• It is not found in unity of worship (article 34 – it is not necessary that customs and forms of worship be the same everywhere). 
  • It is not found in church councils (article 21 – Councils have indeed erred, even in things relating to God). 
  • It is not found in human succession (article 20 – the church is the witness and guardian of Holy Scripture). 

The article towards its close mentions the three historic patriarchates of the Eastern Church, “Jerusalem, Alexandria, and Antioch”, powerful churches, which, though founded by apostles, had still fallen into error. How then is the true unity of the visible church understood? It is the common testimony of the truth in a biblically faithful confession like the Articles of Religion (pure Word of God) and the order of worship that Christ commands like the Book of Common Prayer (sacraments administered according to Christ’s ordinance). Cranmer returns to the Scriptures in which all knowledge and things pertaining to salvation reside to flesh out the hallmarks of his ecclesiology. In so doing he also acknowledges that it is God’s providence that takes time to bring the church to its fulfillment. The church is moving toward its consummation. There is an almost eschatological flavor to it.  Cranmer sees a distinction between the existence of the church and its perfection in Christ Jesus through the lens of the Scriptures. 

When you begin to see as Cranmer did how the existence and perfection of the visible church are founded upon a God who is true who is bringing us into union with himself, then this becomes the foundation for the existence and perfection of the visible church. We need not be concerned to be under one organizational umbrella or a human succession. We should be concerned with the truth. When we are concerned with the truth, then we can come together to discuss differences between us. We are not to minimize the truth so that we can come together to feel good.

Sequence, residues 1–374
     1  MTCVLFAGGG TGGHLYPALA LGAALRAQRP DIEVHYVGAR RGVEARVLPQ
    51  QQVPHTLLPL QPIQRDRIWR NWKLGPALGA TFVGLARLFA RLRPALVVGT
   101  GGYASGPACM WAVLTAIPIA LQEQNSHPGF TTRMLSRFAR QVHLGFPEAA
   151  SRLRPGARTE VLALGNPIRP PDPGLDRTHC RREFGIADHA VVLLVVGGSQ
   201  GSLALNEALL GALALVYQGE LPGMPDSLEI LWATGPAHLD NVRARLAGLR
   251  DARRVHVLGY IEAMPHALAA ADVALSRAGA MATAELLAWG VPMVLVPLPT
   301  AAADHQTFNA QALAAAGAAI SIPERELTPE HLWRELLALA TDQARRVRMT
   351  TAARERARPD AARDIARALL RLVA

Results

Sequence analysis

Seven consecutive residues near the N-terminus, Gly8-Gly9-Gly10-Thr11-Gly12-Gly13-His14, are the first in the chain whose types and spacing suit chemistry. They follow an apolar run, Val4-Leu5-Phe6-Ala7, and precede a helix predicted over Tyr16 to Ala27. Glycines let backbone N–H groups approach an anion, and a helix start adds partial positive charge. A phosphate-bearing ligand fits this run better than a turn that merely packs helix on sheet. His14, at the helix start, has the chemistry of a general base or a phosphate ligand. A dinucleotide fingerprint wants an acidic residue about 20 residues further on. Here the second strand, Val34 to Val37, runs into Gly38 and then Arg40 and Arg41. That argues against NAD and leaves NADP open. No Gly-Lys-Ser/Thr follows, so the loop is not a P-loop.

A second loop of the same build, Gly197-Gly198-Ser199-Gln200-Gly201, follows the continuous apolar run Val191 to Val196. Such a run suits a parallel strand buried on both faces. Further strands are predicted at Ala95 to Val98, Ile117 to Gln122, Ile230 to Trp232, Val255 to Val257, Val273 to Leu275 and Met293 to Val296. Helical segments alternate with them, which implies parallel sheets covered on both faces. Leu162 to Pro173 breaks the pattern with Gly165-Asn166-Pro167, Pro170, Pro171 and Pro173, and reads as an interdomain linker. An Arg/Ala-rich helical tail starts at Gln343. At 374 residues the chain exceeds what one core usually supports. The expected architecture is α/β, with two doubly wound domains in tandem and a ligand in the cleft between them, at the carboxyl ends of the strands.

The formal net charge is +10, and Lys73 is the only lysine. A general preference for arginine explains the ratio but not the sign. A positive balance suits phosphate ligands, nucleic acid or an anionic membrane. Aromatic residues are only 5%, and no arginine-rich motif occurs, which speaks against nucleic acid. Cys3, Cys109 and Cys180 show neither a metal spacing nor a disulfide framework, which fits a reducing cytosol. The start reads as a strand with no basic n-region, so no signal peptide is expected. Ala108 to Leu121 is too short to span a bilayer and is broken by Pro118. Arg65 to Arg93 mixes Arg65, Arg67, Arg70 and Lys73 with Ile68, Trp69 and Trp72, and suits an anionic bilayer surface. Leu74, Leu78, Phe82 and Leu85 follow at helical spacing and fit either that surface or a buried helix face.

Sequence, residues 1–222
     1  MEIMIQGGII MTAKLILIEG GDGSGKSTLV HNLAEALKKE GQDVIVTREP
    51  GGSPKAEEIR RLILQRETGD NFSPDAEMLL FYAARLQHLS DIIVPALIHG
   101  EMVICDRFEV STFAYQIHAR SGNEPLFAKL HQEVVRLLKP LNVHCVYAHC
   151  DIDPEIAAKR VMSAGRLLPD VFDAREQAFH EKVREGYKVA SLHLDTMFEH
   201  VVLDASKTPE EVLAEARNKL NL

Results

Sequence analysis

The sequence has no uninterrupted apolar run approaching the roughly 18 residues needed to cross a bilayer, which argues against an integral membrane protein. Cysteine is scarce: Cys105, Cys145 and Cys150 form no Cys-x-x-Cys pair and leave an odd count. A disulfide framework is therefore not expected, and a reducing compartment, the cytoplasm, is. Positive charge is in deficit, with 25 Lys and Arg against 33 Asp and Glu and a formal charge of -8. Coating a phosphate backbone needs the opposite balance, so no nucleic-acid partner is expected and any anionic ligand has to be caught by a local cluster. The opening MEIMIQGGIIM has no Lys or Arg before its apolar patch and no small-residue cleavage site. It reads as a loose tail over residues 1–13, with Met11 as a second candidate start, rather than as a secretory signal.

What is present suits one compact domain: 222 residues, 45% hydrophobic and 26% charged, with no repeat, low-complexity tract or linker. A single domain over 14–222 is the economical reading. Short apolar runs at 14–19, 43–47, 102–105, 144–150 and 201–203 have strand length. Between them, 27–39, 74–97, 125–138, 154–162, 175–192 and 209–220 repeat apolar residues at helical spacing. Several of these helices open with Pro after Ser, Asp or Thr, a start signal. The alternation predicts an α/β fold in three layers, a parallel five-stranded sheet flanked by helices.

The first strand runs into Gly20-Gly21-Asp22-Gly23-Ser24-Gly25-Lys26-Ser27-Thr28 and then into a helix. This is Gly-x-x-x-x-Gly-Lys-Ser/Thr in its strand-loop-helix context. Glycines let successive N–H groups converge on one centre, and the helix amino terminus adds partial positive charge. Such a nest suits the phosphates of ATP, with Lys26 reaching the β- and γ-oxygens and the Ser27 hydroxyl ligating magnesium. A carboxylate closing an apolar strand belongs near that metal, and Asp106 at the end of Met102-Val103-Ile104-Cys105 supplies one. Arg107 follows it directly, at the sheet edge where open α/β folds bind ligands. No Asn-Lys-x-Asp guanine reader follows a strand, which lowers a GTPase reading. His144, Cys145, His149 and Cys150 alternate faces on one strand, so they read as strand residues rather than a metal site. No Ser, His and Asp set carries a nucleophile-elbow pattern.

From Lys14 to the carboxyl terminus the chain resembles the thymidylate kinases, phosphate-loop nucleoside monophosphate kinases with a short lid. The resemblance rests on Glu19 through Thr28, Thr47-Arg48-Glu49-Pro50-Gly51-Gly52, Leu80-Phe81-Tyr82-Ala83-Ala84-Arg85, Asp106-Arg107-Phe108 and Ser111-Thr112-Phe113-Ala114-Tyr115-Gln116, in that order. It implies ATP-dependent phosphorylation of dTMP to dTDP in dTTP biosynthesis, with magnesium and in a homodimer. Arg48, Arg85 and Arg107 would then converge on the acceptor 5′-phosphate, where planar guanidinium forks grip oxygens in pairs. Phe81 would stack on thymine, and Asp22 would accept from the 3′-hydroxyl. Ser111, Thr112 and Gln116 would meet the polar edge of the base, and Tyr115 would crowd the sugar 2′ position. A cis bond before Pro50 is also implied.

Which brings us to the modern, pragmatic “feel good” description of the church within the Anglican Church of North America masking as doctrine, the so-called “three streams of the church”: Catholic, Evangelical (or Protestant) and Pentecostal (or Charismatic) traditions or “tributaries” being channeled into a single “river” to create some kind of doctrinal synthesis. Such a synthesis has abandoned Cranmer's biblically faithful doctrine of the church in its common testimony of the truth. Two of the three streams, for example, reject the classical Pentecostal teaching about a post-conversion baptism of the Holy Spirit or the normative practice of glossolalia and prophecy. Two of the three have historically repudiated the Roman Catholic understanding of the ordained ministry as sacerdotal and would have a very different view of the nature and number of the sacraments. And one of the three does not understand justification as primarily the gracious imputation of Christ’s righteousness to individual believers received through faith alone. It reminds one of Philip E. Hughes observation on Roman Catholic and Anglican dialogue during the early 1970s, that to resort to fine-sounding but ambivalent terminology is to paper over the cracks and then to call attention to the attractiveness of the wallpaper. Without a thorough revision of its doctrine of the church along biblically faithful lines, the Anglican Church of North America has merely turned back the clock to restart in the early 1970’s when concern for the truth had already been abandoned and is set to repeat the tragic history which followed.